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food to avoid with IBS

Understanding the types of food to avoid with IBS | Irritable bowel syndrome

IBS or irritable bowel syndrome is a type of functional gastrointestinal disorder that affects the large intestine. This means it is not a condition that causes structural damage to the colon. In terms of cause, it is believed to be due to a faulty gut-brain connection that leads to changes in bowel functions.

It is a condition that affects one in five Australians at some point in their life. According to its prevalence across the global population, it affects 11% of adults, with 40% of those having an associated mental health challenge like depression or anxiety. This may explain the faulty gut-brain connection.

IBS ( Irritable bowel Syndrome) refers to a group of symptoms that occur together. These symptoms may be detected without any visible signs of damage or disease in the gut and include:

  • Cramping
  • Bloating
  • Gas
  • Diarrhoea
  • Constipation

Irritable bowel syndrome (IBS) is a long-term or chronic disorder. This means you may experience the symptoms of IBS from time to time. 

Most people with IBS manage their condition with diet, stress control, and medication. In this post, we look at what types of food you need to avoid if you have IBS.

Food to avoid

Food can trigger IBS symptoms and cause pain and discomfort. That’s why it’s useful to know what items to avoid if you are experiencing this condition. Low FODMAP diet has been shown to be effective in treating this. Low FODMAP diet is best commenced and managed by a dietitian experienced in this field. Please note that the follow are only a guide.

Insoluble fibre

Many people don’t understand the distinction between soluble and insoluble fibre. Soluble fibre dissolves in water easily, while the latter doesn’t. Soluble fibre slows down movement in the digestive tract, which can ease symptoms of diarrhoea.

Diarrhoea and constipation are both symptoms of IBS. According to medical research, soluble fibre is more effective in reducing symptoms of IBS compared to soluble fibre. Types of food with insoluble fibre that you may need to avoid include:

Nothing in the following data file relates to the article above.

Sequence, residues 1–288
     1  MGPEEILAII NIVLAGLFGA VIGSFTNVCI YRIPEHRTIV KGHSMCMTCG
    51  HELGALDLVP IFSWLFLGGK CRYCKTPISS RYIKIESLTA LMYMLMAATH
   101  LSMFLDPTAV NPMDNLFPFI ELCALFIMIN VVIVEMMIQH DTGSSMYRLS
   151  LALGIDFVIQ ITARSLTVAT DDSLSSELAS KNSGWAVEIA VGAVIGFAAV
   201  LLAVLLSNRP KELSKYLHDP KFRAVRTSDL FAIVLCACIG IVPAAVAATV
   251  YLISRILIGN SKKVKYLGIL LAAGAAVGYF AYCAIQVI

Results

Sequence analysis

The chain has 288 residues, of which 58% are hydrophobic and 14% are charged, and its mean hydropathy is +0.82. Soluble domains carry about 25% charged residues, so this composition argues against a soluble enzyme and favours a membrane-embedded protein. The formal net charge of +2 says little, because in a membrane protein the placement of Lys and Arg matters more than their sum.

• Cabbage
  • Broccoli
  • Barley
  • Brown rice
Dairy products

Dairy products may be known for their role in maintaining a healthy weight and building your bones. These items also tend to be rich in fat, which can lead to diarrhoea for people with IBS. 

Regulating the amount of dairy in your diet can help, here. If dairy products trigger your IBS, you may benefit from eliminating it from your diet completely.

Types of dairy products that you may need to avoid include:

  • Milk
  • Cheese 
  • Butter
  • Yoghurt
  • Ice cream
Fried food

Fried food contains a lot of fat, which can trigger diarrhoea in people with IBS. 

Deep frying food can affect the chemical makeup and the nutritional composition of the food. This may make it more difficult to digest, which also triggers symptoms of IBS. You may benefit from grouping deep-fried food like french fries, doughnuts, deep-fried meat, and onion rings as food to avoid if you are experiencing this condition.

Caffeinated drinks

Caffeinated drinks may be part of a morning routine that supports digestive regularity. Caffeinated drinks also have a stimulating effect on the intestines that can cause diarrhoea for people with IBS. 

Types of caffeinated drinks (or food) that you may need to avoid include:

  • Coffee
  • Tea
  • Energy drinks
  • Certain carbonated drinks
  • Certain types of chocolates
  • Baked food or sweets with caffeine

Sugar-free sweeteners

Sugar-free items are not necessarily healthy. Especially for people with IBS, sugar-free sweeteners can cause flare-ups. Types of food that contain sugar-free sweeteners include:

  • Sugarless candy
  • Chewing gum
  • Most diet drinks

Request more information on the types of food to avoid if you are experiencing IBS

Though the symptoms of IBS tend to be common across patients, the triggers may be specific and different for each person. Some people with IBS can tolerate certain types of food that others can’t.

It may be useful to maintain a food diary to figure out the types of food that cause you discomfort or trigger your symptoms. If you are confused about what types of food you can include in your diet, seeking the support of a digestive specialist is necessary.

Reach out to the multidisciplinary team of health professionals at the Sydney Gut Clinic to learn more about diet and nutrition for people living with IBS.

Please note that due to COVID-19, our clinic has revised its safety protocols to protect the health and wellbeing of our patients and staff.

Sydney Gut Clinic is currently operating at our regular hours. Kindly note that in light of the current pandemic, we are taking every precaution to prevent any chance of infection. Patients are screened before they enter the building and we space our appointments out to reduce the amount of people in the clinic at one time. Please note that telehealth service is available to patients that meet the government's criteria. Please call the rooms for more information.